After a startling increase in opioid overdoses and deaths during the first year of the Covid-19 pandemic, we are again seeing a decrease. There were a total of 837 overdoses in Anne Arundel County during 2021, an 18.9% decrease from 1,032 overdoses in 2020. Overdose fatalities reached 157, more than 17% less than last year. While this is a positive change from 2020, it is still 15.9% higher than 2019 for overdoses and 24.6% higher for overdose deaths. The chart below illustrates the changes in overdose and fatalities over the past 5 years.
What are opioids?
Opiates/ opioids are drugs that are used to relieve pain because of the way they suppress the central nervous system. This method of pain treatment causes many individuals to become tolerant of the drug. When this happens, a higher dose of the drug is needed to achieve the same pain-relieving effect. For many people, this is how addiction begins.
The Impact of the COVID-19 Pandemic:
When businesses and social activities began shutting down in March 2020, individuals suffering from addiction lost the support systems they needed to stay sober. Increases in calls to mental health helplines were an early indication of the unintended consequences and a reminder that the illness caused by covid-19 is not the only way people are affected by the pandemic (Bhat, 2020). The CDC reported that the 12 months leading up to May 2020 had the highest number of overdose deaths ever recorded in a year at over 81,000 nationwide (Bhat, 2020).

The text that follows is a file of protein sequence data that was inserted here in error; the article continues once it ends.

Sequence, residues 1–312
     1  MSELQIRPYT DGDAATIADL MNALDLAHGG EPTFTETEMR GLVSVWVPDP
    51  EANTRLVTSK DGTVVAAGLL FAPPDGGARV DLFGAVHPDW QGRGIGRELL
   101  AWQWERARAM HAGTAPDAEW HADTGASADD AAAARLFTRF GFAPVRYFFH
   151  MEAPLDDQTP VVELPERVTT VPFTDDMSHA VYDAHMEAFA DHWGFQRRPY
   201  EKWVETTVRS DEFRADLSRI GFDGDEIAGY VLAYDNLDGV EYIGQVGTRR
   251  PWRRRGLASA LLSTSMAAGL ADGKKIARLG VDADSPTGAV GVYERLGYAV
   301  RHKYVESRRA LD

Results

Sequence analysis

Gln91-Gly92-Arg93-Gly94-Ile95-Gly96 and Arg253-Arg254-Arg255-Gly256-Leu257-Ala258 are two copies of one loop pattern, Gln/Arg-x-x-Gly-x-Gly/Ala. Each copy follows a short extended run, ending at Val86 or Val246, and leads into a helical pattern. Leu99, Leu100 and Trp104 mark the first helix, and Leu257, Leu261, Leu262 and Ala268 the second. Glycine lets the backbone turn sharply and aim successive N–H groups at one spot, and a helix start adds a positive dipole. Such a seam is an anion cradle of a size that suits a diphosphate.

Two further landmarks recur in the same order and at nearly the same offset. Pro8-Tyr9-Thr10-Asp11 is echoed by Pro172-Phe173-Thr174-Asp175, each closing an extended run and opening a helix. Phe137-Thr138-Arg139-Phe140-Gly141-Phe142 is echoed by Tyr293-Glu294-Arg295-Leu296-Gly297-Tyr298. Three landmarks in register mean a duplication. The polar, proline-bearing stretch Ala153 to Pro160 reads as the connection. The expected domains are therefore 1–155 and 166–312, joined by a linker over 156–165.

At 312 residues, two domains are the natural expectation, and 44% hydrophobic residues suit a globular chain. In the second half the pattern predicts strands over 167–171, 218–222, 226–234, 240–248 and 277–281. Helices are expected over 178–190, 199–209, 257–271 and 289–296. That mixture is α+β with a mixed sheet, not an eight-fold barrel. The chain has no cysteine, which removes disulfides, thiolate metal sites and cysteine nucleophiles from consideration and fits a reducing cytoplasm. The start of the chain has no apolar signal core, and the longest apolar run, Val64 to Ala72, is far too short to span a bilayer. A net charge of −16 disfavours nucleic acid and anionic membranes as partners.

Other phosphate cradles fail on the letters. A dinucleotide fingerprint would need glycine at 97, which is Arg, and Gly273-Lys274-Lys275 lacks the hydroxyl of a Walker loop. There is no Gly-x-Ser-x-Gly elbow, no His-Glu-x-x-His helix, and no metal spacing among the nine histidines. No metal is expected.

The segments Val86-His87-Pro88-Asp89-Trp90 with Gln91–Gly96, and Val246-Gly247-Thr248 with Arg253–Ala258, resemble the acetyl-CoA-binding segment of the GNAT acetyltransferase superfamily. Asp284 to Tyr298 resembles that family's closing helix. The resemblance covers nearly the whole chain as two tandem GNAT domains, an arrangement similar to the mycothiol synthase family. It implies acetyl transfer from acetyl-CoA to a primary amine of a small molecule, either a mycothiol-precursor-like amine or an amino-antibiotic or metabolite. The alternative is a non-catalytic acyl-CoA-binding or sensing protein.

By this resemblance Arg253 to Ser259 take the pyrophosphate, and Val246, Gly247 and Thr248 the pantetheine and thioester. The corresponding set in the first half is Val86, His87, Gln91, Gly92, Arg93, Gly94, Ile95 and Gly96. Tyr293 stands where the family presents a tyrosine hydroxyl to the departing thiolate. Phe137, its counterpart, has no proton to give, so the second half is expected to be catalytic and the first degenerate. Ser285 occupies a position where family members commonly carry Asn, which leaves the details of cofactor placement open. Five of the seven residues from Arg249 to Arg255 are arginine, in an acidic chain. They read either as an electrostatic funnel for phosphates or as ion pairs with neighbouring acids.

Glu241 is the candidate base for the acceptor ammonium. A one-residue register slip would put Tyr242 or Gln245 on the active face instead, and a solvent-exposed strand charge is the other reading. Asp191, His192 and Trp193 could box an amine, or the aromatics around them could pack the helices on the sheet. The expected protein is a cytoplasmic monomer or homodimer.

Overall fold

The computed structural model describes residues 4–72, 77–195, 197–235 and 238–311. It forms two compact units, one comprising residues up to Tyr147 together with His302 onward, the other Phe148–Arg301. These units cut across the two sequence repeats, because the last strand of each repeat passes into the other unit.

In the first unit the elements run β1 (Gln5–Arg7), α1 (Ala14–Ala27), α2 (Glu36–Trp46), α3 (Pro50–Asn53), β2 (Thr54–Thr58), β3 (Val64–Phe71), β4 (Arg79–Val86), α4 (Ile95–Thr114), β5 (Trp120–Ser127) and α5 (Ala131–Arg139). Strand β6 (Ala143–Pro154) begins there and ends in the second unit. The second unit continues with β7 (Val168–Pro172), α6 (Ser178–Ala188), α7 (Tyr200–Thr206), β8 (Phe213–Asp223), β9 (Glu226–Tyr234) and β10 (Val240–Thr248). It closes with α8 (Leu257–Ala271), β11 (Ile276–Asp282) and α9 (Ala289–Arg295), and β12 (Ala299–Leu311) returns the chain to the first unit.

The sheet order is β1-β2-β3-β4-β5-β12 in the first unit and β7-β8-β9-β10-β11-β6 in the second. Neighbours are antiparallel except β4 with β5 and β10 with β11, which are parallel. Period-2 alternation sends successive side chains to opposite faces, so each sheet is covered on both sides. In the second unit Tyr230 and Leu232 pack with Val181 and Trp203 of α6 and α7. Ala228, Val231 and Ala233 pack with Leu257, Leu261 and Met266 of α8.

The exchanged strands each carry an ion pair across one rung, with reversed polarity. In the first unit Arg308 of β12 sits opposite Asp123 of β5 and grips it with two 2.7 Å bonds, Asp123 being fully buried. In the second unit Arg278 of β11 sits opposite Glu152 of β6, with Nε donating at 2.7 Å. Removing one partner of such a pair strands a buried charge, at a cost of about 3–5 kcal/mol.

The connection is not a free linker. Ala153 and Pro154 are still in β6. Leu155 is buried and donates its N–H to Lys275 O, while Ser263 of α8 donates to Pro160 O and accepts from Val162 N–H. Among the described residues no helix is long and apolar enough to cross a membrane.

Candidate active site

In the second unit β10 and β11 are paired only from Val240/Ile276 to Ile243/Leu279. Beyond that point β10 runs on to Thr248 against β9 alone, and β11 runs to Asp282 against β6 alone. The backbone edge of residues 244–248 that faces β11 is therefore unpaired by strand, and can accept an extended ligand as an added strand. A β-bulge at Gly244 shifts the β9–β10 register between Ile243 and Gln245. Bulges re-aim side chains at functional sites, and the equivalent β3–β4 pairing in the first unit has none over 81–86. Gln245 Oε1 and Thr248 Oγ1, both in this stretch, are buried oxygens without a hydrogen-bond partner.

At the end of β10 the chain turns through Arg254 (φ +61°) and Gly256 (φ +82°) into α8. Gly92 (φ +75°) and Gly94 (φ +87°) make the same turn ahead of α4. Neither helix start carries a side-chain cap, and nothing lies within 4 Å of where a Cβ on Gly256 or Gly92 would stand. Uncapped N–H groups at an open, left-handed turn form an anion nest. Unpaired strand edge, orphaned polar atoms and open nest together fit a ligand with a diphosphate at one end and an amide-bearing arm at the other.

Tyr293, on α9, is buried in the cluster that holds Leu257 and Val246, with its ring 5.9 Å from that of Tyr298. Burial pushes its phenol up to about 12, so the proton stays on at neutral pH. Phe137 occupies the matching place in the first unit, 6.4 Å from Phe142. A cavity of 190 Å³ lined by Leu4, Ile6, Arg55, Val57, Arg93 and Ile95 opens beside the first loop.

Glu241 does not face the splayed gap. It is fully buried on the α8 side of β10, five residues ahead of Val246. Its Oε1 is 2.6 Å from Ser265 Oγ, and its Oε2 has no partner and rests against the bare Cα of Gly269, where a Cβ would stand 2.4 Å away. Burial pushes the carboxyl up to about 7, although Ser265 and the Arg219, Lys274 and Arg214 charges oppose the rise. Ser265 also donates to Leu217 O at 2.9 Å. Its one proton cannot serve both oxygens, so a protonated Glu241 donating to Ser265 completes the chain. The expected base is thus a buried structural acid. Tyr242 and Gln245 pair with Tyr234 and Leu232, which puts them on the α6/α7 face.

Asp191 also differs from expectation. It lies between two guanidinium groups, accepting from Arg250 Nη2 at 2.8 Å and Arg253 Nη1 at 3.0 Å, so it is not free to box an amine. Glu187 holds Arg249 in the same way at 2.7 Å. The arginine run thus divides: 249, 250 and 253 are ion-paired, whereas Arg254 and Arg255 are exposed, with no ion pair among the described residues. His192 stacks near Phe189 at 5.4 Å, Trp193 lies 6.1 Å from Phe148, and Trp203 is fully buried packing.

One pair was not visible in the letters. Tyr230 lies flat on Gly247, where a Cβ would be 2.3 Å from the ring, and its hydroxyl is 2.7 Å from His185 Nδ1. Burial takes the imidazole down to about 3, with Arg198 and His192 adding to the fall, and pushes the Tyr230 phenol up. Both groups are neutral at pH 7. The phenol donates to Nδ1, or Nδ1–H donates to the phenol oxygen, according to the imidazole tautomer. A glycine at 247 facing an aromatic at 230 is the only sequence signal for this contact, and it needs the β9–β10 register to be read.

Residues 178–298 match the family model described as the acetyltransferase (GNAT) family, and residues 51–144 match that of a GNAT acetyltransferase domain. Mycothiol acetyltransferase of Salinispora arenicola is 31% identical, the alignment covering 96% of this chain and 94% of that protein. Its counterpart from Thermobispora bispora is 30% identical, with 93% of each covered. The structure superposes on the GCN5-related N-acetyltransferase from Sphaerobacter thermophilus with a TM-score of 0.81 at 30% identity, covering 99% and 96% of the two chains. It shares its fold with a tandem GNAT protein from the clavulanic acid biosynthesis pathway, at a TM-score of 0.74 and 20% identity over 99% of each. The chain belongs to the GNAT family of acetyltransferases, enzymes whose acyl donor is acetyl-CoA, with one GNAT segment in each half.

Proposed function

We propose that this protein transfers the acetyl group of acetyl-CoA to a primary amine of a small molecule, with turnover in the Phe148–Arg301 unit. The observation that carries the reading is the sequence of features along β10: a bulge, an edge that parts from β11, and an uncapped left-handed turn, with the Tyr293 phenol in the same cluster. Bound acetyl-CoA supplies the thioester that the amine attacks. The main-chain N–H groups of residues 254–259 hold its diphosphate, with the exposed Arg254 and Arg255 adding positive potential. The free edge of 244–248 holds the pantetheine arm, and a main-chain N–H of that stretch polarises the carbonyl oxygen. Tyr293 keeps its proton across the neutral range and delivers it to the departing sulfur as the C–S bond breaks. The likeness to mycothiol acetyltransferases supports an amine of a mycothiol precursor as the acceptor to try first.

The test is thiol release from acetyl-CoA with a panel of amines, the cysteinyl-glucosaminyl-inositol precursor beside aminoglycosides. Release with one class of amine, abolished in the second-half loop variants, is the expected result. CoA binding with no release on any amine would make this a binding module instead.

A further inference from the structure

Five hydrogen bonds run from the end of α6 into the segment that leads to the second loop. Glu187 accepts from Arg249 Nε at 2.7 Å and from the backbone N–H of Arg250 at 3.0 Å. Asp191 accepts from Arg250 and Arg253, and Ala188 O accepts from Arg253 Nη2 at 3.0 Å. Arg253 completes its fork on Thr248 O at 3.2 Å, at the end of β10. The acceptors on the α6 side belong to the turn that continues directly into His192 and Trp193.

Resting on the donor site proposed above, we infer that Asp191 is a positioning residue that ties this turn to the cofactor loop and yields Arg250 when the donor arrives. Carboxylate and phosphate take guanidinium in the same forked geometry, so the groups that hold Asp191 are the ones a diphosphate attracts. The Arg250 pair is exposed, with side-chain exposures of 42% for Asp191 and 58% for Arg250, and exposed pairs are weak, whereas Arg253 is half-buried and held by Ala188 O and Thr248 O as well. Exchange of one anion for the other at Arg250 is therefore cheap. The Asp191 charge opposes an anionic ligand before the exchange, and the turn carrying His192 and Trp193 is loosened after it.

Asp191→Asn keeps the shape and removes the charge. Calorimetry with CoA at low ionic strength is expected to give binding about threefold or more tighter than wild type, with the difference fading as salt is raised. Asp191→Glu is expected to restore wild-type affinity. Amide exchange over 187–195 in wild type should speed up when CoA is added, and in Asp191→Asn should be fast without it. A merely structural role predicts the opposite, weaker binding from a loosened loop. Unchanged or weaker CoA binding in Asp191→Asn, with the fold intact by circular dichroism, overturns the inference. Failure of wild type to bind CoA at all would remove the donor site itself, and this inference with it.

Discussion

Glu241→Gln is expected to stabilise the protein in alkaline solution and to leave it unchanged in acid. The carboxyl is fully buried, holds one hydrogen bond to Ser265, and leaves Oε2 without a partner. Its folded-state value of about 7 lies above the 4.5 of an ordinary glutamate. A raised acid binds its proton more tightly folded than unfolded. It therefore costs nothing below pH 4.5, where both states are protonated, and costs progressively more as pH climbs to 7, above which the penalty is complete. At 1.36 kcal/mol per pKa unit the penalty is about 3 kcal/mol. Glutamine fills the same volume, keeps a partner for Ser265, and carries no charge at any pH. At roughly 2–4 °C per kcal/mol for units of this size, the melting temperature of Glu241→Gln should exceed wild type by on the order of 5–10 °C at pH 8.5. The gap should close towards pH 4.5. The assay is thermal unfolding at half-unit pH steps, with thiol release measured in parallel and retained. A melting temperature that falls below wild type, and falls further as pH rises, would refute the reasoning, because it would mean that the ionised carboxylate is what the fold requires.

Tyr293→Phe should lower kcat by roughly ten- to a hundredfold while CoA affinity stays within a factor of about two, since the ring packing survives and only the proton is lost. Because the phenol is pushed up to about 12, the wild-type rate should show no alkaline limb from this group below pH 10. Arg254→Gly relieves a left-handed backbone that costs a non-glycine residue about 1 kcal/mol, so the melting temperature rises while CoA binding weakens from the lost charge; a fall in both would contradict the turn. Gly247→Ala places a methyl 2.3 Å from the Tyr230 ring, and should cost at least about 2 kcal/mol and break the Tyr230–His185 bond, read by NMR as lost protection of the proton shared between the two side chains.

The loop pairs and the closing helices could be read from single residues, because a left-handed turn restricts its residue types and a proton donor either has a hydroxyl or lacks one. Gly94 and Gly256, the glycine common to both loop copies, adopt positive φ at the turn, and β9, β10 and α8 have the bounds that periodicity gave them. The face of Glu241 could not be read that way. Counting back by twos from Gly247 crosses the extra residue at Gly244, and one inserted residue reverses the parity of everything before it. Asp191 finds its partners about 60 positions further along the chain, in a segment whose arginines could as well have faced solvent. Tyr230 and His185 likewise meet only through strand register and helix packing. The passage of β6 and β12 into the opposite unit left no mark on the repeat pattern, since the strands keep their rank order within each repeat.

Opioid Overdose Response Training: Naloxone is a prescription medication that reverses the effects of an opioid overdose to prevent death. Save a life by learning how to identify signs of an overdose and administer naloxone. Go to PreventSubstanceMisuse.org/Narcan-training to register.